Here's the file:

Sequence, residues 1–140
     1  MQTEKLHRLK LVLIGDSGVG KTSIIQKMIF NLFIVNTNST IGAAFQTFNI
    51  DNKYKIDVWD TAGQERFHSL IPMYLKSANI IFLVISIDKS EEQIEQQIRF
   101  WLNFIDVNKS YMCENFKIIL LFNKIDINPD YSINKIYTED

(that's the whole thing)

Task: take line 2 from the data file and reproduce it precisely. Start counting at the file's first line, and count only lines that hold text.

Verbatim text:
     1  MQTEKLHRLK LVLIGDSGVG KTSIIQKMIF NLFIVNTNST IGAAFQTFNI